When visiting Berlin and surroundings you easily miss something, as there is so much to visit. Potsdam (two parks with palaces), Rheinsberg, Schönhausen, but also Berlin itself has its palaces. The most known is probably the Charlottenburg Palace in Berlin-Charlottenburg, the biggest and most important palace in the city. It was one of the most beloved palaces of the Hohenzollern family.
It was built between 1695 and 1699 after a design of the architect J. Arnold Nering. Originally it was meant as a small summer residence for Sophie Charlotte, the wife of Elector Friedrich III of Brandenburg. It was named Lützenburg. In January 1701 however he was crowned the first King of Prussia as Friedrich I. Soon Charlottenburg was extended by architect Eosander von Göthe, with Versailles near Paris as an example. The building got two side wings enclosing a large courtyard. Sophie Charlotte died in 1705 and the name of the palace was changed to Charlottenburg in her honour. Between 1709 and 1712 Friedrich I had among others an orangery built and extended the central area with a large domed tower. The Amber Room inside the palace was described the “eight wonder of the world”. Friedrich I died in 1713.
The couple’s son Friedrich Wilhem I left everything about the way it was. That changed when his son Friedrich II the Great ascended the throne in 1740. Between 1740 and 1746 he had his Superintendent George Wenzeslaus von Knobelsdorff completed the stables and the east wing. Although the decoration of the exterior was relatively simple, the furnishing were rich. The decoration in the White Hall, the Banqueting Hall, the Throne Room and the Golden Gallery on the upper floor however was splendid. As soon as the Sanssouci Palace in Potsdam was finished, Friedrich II didn’t spend much time in Charlottenburg anymore.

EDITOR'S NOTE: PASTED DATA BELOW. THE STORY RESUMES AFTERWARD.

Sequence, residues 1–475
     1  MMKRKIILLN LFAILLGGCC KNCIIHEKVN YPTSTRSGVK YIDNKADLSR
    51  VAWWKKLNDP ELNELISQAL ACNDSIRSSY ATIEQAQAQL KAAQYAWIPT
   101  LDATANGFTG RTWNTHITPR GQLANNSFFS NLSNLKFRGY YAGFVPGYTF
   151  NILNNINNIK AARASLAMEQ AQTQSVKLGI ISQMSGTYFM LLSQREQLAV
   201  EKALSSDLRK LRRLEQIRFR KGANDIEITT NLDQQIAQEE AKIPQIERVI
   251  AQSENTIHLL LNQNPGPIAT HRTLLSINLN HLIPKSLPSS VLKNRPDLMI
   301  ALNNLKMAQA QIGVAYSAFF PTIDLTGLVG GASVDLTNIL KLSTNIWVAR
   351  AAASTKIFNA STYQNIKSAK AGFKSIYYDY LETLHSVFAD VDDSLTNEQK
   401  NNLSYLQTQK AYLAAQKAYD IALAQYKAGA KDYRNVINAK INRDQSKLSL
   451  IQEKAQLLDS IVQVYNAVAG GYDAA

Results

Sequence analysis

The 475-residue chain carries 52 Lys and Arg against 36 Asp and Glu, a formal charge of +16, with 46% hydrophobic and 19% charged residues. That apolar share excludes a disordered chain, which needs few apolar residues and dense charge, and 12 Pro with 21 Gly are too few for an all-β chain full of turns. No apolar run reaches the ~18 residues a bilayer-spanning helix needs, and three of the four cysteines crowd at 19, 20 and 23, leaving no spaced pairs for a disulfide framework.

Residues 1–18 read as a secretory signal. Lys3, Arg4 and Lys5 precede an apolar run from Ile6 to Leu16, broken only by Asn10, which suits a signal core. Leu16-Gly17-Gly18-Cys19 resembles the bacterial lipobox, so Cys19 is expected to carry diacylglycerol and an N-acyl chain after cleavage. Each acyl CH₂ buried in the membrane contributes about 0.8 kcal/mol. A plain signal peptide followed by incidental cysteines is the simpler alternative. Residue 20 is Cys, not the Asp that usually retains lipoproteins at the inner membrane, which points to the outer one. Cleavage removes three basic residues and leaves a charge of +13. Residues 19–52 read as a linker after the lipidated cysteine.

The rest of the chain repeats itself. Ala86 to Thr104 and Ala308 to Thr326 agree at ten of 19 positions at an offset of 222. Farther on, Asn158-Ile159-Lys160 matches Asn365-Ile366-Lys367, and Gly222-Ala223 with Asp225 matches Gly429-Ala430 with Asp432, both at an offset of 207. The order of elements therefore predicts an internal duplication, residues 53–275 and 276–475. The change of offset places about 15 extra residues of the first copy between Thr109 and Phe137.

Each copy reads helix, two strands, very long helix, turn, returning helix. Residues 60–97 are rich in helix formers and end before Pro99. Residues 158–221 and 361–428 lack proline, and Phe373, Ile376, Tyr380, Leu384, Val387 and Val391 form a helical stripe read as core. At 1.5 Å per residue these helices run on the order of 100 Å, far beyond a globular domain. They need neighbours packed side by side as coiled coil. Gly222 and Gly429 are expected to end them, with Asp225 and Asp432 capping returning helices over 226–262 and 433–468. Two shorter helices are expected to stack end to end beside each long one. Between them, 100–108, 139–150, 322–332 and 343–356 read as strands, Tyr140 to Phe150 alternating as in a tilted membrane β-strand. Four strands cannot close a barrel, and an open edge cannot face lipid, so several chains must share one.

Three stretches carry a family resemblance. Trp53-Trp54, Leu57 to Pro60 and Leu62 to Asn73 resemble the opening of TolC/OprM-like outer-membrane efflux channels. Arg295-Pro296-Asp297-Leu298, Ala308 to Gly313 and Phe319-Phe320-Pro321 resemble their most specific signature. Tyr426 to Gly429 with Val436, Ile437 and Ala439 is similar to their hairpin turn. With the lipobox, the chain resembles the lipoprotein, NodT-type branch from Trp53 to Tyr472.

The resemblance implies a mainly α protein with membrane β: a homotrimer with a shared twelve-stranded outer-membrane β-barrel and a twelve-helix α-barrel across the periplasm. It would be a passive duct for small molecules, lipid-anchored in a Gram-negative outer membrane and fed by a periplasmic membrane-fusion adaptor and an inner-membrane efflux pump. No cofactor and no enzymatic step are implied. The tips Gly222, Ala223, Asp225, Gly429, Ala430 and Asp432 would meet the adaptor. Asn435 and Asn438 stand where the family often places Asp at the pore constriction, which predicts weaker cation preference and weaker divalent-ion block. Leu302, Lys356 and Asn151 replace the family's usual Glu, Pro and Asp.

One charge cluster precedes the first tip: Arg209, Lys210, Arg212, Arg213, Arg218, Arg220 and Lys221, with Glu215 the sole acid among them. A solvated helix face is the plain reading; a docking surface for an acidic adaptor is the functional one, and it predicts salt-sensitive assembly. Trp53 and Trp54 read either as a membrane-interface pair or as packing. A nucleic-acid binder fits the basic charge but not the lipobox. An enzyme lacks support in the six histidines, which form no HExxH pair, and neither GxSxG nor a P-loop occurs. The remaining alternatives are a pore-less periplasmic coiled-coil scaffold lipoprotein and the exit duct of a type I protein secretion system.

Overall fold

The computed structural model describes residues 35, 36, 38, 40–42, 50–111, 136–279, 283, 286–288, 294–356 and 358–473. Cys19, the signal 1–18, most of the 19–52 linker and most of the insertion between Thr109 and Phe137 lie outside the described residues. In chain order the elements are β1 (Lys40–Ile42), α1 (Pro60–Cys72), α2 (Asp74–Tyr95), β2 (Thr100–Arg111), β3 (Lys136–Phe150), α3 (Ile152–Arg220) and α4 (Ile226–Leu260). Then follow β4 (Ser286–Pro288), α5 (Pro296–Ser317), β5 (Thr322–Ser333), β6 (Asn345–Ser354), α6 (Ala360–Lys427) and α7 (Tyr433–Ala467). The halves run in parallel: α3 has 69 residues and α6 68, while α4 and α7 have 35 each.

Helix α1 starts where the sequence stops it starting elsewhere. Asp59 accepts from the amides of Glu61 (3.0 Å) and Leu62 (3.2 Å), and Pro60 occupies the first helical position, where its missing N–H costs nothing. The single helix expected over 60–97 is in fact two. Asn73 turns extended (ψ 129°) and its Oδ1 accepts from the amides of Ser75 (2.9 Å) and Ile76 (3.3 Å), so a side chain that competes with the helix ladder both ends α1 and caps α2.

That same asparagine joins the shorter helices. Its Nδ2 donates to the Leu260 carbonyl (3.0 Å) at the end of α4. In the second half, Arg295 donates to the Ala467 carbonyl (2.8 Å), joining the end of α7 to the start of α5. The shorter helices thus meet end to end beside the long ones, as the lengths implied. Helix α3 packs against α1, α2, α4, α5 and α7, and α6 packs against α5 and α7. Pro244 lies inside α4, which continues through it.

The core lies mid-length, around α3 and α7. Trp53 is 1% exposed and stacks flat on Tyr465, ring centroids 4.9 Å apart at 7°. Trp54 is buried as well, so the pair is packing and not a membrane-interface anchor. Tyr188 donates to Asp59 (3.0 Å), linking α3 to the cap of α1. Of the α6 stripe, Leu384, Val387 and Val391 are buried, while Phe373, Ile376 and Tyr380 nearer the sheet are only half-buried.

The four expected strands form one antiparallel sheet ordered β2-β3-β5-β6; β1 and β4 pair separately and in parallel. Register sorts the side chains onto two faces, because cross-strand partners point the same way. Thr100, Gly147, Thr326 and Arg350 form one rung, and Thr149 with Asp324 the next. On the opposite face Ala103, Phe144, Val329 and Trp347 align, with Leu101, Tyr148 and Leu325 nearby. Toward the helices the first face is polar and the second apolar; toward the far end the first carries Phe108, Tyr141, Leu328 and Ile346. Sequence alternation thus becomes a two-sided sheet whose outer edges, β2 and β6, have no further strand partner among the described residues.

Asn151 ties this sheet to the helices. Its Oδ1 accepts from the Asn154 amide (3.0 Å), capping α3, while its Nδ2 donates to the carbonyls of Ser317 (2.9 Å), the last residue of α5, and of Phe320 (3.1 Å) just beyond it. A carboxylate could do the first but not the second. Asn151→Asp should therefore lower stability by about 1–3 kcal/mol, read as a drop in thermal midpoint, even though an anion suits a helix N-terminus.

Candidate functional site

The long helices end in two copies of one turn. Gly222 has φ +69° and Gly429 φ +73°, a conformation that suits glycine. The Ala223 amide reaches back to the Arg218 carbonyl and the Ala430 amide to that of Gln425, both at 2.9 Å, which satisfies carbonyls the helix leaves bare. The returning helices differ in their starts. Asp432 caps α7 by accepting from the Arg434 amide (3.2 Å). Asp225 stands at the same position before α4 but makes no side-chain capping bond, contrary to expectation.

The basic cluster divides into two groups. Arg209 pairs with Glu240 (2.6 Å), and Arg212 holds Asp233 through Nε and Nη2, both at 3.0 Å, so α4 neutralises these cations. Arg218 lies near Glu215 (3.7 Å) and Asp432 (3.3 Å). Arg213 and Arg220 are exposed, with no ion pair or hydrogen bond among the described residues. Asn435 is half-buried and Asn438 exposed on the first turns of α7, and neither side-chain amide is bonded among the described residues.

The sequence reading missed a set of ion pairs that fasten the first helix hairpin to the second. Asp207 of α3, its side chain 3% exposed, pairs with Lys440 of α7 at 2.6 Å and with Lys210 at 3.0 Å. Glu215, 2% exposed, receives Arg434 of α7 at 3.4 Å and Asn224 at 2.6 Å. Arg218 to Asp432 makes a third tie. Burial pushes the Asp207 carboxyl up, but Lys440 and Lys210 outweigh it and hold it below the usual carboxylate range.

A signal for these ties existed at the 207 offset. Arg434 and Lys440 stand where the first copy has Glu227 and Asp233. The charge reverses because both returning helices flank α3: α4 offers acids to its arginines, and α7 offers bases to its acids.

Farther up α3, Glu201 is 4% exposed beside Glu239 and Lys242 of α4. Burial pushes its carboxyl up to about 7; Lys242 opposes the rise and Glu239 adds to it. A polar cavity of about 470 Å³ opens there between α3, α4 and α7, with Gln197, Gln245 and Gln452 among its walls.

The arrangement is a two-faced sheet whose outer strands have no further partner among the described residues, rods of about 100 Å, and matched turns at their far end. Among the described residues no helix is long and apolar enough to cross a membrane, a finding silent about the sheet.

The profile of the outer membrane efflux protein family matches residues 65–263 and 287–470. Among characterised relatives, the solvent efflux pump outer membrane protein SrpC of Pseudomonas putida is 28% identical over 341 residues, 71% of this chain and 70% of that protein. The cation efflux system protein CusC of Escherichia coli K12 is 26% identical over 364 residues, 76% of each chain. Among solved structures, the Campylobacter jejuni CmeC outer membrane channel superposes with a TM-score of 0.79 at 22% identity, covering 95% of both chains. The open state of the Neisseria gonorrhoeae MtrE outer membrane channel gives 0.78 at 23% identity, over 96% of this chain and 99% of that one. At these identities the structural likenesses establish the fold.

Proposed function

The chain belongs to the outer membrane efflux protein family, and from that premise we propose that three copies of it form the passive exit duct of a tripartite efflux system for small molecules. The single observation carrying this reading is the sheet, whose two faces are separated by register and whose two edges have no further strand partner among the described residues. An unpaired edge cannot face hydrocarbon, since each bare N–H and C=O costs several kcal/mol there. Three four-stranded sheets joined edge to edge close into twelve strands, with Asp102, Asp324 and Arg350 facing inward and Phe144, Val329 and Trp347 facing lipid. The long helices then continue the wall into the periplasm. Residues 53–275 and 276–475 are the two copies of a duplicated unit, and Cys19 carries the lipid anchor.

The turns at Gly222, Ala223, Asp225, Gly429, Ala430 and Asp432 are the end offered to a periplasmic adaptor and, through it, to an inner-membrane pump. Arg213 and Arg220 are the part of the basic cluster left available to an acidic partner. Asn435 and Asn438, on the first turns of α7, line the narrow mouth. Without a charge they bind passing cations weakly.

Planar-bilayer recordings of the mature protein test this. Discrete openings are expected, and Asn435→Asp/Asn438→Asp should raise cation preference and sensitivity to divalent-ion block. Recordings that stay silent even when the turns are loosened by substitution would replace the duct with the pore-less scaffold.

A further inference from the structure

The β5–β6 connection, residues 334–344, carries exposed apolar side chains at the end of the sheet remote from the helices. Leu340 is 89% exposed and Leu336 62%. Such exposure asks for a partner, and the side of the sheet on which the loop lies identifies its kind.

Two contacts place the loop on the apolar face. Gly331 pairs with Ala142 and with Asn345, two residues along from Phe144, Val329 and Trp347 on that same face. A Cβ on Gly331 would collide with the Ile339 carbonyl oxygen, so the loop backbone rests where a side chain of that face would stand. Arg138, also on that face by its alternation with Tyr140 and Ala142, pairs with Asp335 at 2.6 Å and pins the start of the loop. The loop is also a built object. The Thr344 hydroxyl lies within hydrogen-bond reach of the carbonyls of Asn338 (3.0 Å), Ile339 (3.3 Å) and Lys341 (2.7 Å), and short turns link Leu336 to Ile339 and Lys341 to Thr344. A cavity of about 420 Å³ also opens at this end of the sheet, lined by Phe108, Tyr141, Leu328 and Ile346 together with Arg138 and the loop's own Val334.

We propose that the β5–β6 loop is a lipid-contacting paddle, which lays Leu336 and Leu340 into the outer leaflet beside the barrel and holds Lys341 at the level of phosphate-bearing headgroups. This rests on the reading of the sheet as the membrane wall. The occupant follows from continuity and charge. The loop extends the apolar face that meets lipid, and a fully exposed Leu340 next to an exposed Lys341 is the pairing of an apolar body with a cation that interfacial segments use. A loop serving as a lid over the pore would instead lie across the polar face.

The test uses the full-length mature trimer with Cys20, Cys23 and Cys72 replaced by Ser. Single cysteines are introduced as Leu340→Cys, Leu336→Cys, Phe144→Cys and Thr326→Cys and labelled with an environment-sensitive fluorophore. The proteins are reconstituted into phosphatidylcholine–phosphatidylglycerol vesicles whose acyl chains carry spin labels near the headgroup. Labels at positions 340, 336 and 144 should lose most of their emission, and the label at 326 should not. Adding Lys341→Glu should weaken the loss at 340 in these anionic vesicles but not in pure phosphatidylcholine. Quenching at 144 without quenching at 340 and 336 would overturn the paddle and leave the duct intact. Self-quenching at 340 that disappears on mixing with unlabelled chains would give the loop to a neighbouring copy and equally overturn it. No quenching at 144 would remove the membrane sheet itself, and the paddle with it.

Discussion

Friedrich Wilhelm II had a few rooms transformed, but didn’t change much. His son Friedrich Wilhelm III and his wife Luise spent much of their time at Charlottenburg, also their son Friedrich Wilhelm IV had his apartments here. The last resident of the palace was Emperor Friedrich III, who only reigned for 99 days in 1888. Since it was open to the public. Between 2004 and 2006 the palace once again served as an official residence, this time for the President of Germany, as his residence, the Bellevue Palace, was being restored.
In 1943, during the Second World War, the palace was badly damaged. Despite of that in the 1950s it was decided to rebuilt the palace. In front of the palace is a statue of Friedrich II by Andreas Schlüter. Highlights of the present palace are the Crown Treasure and Silver Vault, the royal apartments and a large ballroom. And don’t forget the beautiful gardens.